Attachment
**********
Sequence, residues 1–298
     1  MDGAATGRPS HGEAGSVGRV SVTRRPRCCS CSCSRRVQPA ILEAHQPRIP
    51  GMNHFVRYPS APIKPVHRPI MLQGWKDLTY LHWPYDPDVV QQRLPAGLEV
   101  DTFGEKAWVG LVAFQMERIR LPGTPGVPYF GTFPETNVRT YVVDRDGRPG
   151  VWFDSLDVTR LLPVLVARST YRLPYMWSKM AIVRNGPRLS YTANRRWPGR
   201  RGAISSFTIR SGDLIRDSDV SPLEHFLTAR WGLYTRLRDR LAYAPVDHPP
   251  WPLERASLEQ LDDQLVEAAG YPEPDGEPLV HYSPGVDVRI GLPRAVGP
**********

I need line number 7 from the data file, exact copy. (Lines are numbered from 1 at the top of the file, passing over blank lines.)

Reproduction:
   251  WPLERASLEQ LDDQLVEAAG YPEPDGEPLV HYSPGVDVRI GLPRAVGP